Hypoxic Training Improves Normoxic Glucose Tolerance in Adolescents with Obesity

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To test whether environmental hypoxia could potentiate the effects of exercise training on glucose metabolism and insulin sensitivity.


Fourteen adolescents with obesity were assigned to 6 weeks of exercise training either in normoxic or in hypoxic conditions (FiO2 15%). Adolescents trained 3x/w for 50-60min, including endurance and resistance exercises. Oral glucose tolerance test (OGTT), blood and morphological analyses as well as physical performance tests were performed before and after the training period.


After training, hypoxia, but not normoxia, decreased the area under the curve of plasma insulin (-49%; p=0.001) and glucose levels (-14%; p=0.005) during OGTT. Decreased plasma triglycerides levels (p=0.03) and increased maximal aerobic power (p=0.002), work capacity at 160 beats/min (p=0.002) and carbohydrate consumption during exercise (p=0.03) were measured only in the hypoxic group.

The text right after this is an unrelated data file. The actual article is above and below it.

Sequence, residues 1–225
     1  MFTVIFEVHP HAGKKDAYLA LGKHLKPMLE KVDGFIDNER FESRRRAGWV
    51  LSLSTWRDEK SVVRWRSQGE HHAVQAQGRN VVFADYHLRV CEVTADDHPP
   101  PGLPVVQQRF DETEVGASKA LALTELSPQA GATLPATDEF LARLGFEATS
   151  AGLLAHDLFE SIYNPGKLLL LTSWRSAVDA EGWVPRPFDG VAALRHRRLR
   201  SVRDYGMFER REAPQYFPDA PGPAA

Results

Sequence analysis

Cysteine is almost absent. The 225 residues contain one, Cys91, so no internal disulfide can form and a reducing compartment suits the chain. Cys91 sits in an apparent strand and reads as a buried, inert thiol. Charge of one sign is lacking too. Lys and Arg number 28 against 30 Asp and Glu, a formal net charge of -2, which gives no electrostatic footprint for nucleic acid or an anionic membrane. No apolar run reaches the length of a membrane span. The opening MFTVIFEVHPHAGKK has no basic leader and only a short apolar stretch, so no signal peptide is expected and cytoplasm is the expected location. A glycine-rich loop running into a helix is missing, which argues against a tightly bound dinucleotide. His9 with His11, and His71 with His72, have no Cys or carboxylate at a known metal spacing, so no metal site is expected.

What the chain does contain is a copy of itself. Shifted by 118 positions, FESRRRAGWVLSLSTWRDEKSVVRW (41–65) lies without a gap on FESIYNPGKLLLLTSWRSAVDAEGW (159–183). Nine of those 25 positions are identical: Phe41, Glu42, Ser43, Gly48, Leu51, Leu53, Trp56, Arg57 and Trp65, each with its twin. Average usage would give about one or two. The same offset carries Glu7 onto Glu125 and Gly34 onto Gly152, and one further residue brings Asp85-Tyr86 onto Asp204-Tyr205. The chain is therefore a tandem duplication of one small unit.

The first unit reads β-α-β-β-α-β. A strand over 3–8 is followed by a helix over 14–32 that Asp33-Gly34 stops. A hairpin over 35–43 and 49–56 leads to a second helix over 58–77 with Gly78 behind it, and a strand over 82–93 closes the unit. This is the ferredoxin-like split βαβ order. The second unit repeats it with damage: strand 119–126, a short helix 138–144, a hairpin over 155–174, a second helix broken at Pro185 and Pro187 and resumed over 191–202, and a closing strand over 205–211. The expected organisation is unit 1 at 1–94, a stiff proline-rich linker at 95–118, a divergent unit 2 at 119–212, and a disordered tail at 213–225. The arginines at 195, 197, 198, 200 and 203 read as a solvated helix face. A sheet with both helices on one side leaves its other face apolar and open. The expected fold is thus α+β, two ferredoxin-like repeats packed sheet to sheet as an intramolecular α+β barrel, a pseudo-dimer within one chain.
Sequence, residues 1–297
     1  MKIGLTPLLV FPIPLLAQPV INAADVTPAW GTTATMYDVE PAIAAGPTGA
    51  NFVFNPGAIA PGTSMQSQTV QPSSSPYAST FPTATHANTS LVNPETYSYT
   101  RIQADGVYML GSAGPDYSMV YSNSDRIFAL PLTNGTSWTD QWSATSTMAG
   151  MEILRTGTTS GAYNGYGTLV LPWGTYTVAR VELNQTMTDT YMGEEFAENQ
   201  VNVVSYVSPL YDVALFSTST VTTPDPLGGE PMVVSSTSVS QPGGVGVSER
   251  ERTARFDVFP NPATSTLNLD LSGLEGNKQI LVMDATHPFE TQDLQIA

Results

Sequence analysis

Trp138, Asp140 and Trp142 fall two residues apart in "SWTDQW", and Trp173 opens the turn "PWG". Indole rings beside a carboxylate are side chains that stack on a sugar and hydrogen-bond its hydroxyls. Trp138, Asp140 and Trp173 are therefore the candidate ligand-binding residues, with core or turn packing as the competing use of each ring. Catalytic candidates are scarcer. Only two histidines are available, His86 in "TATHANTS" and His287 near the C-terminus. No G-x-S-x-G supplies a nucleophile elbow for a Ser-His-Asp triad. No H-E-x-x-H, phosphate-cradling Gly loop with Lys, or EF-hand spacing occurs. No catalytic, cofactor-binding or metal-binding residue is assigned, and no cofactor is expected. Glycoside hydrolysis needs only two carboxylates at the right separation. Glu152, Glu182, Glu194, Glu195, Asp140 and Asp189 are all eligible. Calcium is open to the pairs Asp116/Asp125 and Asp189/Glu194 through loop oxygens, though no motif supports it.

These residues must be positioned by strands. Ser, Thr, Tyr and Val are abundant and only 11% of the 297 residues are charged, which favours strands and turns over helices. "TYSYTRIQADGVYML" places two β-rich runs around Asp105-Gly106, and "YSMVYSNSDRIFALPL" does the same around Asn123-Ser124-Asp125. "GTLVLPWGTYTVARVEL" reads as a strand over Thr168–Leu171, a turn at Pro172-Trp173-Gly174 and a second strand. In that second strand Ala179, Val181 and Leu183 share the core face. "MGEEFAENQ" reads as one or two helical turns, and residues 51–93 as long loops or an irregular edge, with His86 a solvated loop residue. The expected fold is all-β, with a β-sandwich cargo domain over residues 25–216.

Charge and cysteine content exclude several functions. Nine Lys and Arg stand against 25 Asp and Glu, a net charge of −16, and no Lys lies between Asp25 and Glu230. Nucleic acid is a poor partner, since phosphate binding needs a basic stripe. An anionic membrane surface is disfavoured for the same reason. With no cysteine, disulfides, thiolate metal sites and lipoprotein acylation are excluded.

Hypoxic exercise training was particularly efficient at improving glucose tolerance and insulin response to a glucose challenge in adolescents with obesity. These results suggest that exercise training in hypoxia could be an interesting strategy against insulin resistance and type 2 diabetes development in adolescents with obesity.

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